Serosorting may have contributed to overall declines in HIV incidence in Seattle, according to a study from the University of Washington School of Public Health. Research findings highlighted how the practice, while not ideal from a public health standpoint, represented a significant step toward safer sexual behaviors for some men.
[Photo: Dr. Christine Khosropour]
The study found that, between 2001 and 2013, serosorting increased substantially among both HIV-positive and HIV-negative men who have sex with men (MSM) in Seattle. Serosorting is the process by which MSM choose their sex partners or selectively use condoms based on a partner’s perceived HIV status, the study noted.
Synchronous with this change, findings also showed that the proportion of HIV-negative MSM who reported having condomless anal sex with HIV-positive partners or partners of unknown HIV status declined.
“Given that serosorting confers a lower risk of HIV acquisition than having condomless sex with HIV-positive or unknown status partners, this change indicates a shift toward generally safer sexual risk behaviors among HIV-negative MSM,” said lead researcher Dr. Christine Khosropour, who conducted the research as a PhD student in the School’s department of epidemiology.
The study, published in the Journal of Acquired Immune Deficiency Syndromes, found that men who practiced serosorting had a 47 percent lower risk of testing HIV positive compared to men who had condomless anal sex with HIV-discordant partners or partners of unknown HIV status. Within the study period, the proportion of all MSM testing newly positive for HIV declined.
Researchers studied nearly 50,000 clinic visits made by MSM over a 12-year period — currently the largest and longest-running study of serosorting trends in the United States. Data was collected as part of routine clinical care from men who visited the Public Health – Seattle & King County STD Clinic at Harborview Medical Center and the Gay City Health Project, a community-based HIV/STI testing center.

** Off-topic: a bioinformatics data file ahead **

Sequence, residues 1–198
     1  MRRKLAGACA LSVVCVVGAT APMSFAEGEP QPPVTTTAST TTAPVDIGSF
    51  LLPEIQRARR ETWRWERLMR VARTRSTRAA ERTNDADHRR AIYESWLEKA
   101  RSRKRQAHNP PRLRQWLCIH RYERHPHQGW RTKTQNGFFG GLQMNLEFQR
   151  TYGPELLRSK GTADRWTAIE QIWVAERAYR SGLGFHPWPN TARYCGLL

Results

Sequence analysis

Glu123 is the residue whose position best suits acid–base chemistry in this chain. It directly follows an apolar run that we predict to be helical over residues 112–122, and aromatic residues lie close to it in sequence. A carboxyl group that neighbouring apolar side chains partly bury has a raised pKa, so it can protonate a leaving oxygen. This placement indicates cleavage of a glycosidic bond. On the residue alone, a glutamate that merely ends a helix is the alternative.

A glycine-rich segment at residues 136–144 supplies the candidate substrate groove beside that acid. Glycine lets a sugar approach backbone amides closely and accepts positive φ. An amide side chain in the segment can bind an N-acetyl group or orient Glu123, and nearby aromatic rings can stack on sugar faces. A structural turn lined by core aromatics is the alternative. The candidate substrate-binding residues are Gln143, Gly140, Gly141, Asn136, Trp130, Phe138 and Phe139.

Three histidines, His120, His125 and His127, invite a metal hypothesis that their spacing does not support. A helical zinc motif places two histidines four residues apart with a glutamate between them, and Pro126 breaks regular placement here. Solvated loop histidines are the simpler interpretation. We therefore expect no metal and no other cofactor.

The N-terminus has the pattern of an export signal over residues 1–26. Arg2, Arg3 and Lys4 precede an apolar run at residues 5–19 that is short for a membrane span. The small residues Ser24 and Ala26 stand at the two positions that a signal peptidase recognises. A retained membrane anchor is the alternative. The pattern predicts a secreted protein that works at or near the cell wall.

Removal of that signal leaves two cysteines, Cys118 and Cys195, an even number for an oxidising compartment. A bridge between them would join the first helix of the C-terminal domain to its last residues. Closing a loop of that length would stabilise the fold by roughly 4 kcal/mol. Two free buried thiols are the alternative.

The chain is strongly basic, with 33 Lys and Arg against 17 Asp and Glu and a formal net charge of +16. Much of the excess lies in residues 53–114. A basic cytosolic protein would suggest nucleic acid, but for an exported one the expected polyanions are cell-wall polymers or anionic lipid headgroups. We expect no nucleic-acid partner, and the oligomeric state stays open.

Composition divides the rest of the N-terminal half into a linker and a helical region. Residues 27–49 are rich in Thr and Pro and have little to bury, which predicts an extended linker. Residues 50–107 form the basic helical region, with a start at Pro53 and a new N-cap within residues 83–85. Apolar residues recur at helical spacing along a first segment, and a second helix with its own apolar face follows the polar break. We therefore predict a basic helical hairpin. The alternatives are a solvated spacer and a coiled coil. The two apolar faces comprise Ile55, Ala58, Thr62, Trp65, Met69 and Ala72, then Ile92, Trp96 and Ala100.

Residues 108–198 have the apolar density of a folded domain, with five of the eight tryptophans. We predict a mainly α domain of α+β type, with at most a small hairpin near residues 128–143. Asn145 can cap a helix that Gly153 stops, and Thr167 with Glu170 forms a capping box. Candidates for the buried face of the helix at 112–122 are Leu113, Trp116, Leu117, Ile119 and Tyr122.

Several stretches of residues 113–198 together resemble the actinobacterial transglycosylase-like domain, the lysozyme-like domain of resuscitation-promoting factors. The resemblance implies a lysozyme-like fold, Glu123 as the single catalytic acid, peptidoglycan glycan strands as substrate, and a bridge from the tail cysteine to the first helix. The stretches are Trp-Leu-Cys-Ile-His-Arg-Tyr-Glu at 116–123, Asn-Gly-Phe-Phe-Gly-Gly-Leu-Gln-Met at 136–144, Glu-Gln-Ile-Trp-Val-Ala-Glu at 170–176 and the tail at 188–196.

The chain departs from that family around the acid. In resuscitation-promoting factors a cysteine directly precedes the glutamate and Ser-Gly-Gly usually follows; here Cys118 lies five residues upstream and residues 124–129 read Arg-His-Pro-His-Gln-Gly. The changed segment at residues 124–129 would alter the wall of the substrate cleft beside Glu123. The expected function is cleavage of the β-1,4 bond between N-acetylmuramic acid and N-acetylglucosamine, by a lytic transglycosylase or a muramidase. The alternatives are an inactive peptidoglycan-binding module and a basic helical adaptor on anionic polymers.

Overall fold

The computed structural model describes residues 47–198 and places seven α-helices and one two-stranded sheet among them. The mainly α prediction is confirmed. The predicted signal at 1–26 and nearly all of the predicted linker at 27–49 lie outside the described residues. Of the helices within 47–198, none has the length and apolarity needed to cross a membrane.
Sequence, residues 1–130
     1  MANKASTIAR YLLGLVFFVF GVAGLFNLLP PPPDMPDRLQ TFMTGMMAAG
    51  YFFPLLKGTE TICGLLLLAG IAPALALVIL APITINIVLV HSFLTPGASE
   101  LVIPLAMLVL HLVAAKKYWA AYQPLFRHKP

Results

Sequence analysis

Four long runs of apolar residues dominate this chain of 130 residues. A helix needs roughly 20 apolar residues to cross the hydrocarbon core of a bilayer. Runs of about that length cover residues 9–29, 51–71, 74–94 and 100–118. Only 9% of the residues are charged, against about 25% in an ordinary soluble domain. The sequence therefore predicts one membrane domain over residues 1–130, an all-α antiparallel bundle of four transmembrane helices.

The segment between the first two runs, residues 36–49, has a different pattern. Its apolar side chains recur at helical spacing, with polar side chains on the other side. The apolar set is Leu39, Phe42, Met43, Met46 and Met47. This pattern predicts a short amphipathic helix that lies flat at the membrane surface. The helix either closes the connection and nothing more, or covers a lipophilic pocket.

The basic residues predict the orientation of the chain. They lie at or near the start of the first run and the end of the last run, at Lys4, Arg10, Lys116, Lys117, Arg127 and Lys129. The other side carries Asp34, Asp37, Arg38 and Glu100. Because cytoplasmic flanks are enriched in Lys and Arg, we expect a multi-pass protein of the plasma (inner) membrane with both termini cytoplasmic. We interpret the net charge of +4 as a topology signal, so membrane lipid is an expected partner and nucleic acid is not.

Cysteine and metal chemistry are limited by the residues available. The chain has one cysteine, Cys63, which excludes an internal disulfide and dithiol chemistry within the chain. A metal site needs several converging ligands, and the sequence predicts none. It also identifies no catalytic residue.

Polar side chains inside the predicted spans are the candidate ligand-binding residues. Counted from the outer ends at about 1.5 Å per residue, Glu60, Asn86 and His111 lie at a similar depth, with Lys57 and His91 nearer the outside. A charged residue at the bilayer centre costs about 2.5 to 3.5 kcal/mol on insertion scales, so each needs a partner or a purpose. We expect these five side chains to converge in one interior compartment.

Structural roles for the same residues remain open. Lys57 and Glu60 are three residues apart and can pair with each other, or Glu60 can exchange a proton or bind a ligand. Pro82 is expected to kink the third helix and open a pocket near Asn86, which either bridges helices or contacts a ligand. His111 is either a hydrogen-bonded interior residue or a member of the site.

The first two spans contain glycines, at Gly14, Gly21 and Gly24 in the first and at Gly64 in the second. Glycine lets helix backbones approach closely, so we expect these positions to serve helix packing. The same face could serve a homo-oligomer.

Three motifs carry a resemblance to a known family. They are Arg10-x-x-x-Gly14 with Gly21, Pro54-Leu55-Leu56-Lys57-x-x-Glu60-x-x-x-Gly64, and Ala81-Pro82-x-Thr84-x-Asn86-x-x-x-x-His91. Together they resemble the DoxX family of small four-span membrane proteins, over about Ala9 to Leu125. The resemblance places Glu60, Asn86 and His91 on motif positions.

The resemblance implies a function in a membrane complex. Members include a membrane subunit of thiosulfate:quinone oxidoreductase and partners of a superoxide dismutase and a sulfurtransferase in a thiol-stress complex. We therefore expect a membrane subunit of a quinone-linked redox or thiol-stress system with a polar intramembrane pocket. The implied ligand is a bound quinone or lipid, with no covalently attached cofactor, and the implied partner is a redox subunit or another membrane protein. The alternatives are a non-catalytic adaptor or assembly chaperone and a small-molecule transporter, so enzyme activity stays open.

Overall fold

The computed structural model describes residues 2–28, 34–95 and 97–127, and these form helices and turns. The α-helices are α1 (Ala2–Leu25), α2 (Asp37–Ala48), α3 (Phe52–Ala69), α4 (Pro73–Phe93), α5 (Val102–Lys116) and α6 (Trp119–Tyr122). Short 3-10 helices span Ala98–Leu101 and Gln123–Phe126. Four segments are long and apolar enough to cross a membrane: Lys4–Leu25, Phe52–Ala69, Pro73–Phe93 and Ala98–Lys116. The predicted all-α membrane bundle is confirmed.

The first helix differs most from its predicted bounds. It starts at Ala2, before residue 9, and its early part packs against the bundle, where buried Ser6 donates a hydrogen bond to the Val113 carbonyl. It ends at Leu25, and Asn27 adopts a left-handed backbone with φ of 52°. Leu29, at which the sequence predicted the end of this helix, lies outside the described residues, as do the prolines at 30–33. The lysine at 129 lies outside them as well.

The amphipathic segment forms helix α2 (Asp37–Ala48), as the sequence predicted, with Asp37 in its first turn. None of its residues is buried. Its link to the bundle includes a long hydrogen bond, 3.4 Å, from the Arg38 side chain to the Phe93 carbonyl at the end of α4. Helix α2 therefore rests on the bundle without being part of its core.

MSMs were asked about their sexual behavior, the gender of their sex partners and the frequency of condom use with HIV-positive, HIV-negative and unknown-status partners in the prior 12 months before visiting the centers.
Though the findings were mostly promising, the study also showed a decrease in consistent condom use among HIV-positive MSM. Therefore, the “results lend support to public health messaging that promotes consistent condom use as the best risk reduction strategy,” the study suggested.
“For populations of MSM where HIV testing is common and HIV status disclosure is high, however, serosorting is an effective HIV prevention strategy among MSM for whom consistent condom use is not achievable,” Dr. Khosropour said. “For all MSM, coupling behavioral strategies to reduce HIV risk with biomedical strategies to prevent HIV acquisition is likely the most effective HIV prevention strategy.”
Findings also lend some support to the idea that serosorting may increase the risk of STIs other than HIV. According to the report, the increase in serosorting may have contributed to the current syphilis epidemic among HIV-positive MSM in Seattle. However, the study noted, the magnitude of this contribution is uncertain.